Police can track your movements with automatic license readers

via Josh Kellogg on flickr

via Josh Kellogg on flickr

Last month I attended Cambridge’s first-ever Police Innovation Conference, a two-day event that mixed law enforcement with technology experts.

During a session on wearable technology, the conversation turned toward privacy concerns. Some attendees worried aloud about whether always-on video cameras would be used to impinge on citizens’ rights. A representative from Mutualink pointed out that many police are already inadvertently surveilling ordinary citizens with automatic license plate readers.

Those readers, he said, are going to be the subject of our next big data debate.


“Ordinary people going about their daily lives have every right to expect that their movements will not be logged into massive government databases.”


Automatic license plate readers use high-speed cameras to identify passing plates, along with the current location and the time. Police can check this data against “hot lists” of stolen cars or wanted felons. The readers are commonly found on bridges, overpasses, or attached to the top of patrol cars, and they work very quickly. According to the Electronic Frontier Foundation, some can scan up to 1,800 plates per minute.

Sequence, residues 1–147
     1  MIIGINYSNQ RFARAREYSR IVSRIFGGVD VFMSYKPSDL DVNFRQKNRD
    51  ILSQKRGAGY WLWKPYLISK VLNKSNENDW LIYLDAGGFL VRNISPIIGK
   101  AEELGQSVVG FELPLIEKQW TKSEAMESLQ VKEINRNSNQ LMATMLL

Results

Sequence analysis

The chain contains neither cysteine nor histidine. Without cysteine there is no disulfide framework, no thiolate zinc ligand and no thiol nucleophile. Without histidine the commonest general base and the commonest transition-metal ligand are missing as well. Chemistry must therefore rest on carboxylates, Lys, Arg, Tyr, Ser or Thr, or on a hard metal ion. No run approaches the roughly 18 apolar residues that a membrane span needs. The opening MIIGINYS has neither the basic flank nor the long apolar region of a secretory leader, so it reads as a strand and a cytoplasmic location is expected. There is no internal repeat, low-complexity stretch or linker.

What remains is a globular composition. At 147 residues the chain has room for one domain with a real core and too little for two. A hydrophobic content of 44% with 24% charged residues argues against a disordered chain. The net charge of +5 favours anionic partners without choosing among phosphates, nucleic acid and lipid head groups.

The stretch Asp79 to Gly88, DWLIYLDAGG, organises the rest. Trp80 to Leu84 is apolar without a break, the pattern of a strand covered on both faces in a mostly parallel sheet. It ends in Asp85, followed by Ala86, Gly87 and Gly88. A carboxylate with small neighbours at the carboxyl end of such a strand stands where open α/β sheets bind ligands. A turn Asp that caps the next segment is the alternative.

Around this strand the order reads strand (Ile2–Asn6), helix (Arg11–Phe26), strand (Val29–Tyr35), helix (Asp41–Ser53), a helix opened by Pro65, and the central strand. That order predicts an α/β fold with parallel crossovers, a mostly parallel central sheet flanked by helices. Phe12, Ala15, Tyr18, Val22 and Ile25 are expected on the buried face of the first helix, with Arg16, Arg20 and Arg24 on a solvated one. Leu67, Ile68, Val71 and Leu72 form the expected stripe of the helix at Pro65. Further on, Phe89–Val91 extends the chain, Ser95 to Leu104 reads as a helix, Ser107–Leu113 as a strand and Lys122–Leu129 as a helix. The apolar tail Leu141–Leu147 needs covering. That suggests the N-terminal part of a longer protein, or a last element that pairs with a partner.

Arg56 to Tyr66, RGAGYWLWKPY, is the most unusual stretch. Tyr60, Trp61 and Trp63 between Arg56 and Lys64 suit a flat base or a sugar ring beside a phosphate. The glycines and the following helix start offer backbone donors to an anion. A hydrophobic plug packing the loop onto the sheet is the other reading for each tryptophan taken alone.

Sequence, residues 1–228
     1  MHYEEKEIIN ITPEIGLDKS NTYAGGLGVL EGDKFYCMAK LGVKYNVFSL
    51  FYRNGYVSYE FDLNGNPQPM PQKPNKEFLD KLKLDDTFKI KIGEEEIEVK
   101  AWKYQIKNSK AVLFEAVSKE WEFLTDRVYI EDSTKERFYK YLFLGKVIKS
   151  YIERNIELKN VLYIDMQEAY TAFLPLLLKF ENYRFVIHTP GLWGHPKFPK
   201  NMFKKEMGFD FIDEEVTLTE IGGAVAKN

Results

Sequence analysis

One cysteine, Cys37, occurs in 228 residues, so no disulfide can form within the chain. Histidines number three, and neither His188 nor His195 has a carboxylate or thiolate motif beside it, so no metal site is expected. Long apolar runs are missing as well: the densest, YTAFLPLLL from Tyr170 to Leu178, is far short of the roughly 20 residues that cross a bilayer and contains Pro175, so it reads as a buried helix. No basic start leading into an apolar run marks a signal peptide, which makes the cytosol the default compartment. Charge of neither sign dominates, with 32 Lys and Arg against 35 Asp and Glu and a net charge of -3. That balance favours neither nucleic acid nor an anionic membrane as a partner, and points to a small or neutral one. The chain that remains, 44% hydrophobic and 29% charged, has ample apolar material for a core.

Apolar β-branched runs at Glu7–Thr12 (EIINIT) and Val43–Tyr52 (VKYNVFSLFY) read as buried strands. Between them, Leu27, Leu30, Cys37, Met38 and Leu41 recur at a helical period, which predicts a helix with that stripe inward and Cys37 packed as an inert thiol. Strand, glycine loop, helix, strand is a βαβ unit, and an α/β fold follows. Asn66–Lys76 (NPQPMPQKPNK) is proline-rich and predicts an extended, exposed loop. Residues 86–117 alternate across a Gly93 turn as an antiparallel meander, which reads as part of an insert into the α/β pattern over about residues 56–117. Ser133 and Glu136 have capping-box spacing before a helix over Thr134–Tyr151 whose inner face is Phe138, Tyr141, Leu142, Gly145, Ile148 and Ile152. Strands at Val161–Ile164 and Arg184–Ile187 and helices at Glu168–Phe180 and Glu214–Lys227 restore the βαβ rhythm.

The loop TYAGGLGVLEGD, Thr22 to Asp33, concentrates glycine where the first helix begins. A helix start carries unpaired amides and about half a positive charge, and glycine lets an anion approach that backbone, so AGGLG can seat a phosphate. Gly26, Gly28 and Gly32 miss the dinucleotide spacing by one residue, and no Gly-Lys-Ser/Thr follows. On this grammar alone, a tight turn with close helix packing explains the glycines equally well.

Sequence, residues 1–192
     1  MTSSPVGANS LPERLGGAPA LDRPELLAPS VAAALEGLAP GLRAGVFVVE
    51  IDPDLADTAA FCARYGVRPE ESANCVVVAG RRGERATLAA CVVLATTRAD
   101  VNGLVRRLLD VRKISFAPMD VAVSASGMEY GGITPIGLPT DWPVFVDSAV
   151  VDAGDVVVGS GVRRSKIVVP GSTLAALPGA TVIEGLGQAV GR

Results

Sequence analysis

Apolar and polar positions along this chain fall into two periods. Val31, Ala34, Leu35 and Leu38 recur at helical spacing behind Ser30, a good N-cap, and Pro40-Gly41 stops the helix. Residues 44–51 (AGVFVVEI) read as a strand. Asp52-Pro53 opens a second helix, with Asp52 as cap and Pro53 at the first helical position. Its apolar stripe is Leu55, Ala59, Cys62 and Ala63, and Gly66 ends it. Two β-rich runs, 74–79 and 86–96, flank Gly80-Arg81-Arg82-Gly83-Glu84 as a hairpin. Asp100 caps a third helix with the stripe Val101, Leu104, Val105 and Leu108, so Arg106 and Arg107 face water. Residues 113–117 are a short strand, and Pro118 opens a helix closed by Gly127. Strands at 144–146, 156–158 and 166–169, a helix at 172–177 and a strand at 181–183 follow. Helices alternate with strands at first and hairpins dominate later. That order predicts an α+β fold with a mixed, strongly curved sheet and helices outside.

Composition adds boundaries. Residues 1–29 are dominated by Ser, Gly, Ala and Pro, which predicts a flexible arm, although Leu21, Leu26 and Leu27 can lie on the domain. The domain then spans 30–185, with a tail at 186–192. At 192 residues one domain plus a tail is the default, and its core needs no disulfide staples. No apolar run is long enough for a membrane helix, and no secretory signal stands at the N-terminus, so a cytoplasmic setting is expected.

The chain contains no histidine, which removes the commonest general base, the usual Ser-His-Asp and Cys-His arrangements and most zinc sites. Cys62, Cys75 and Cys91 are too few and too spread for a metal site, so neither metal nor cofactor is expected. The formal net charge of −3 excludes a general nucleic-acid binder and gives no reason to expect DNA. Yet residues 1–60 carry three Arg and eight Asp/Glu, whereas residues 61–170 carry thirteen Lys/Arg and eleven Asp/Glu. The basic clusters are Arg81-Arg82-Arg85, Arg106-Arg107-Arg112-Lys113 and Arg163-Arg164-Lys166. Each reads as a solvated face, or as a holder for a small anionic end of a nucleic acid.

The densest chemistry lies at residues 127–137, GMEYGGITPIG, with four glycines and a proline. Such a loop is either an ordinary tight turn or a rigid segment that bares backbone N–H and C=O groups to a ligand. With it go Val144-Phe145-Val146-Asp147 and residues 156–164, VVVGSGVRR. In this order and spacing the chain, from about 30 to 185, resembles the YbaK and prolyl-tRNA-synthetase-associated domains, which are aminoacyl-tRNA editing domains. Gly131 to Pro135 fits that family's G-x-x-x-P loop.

Recently, the American Civil Liberties Union released a study on automatic license plate readers. (The full report can be read here.) They collected records from 293 police departments and agencies on their readers. The ACLU found  that the departments’ data practices varied widely. Boston, for example, only retains its reader data for 90 days. But some cities keep the information on file for years, and still others – such as Mesquite, TX and Yonkers, NY – never throw it away. Altogether, the records add up to millions of stored plates, as well as some car occupants and pedestrians unintentionally included in the shot.

“While it is legitimate to use license plate readers to identify those who are alleged to have committed crimes, the overwhelming majority of people whose movements are monitored and recorded by these machines are innocent, and there is no reason for the police to be keeping records on their movements,” read the report. “Ordinary people going about their daily lives have every right to expect that their movements will not be logged into massive government databases.”

With enough data, it would be possible to track a single person. An article in Scientific Reports out earlier this year crunched mobility data on 1.5 million people. The researchers found that “even coarse data sets provide little anonymity” — only four data points were needed to identify 95% of individuals.

In the meantime, the EFF and ACLU have teamed up to sue two LA law enforcement agencies that failed to turn over their reader records.


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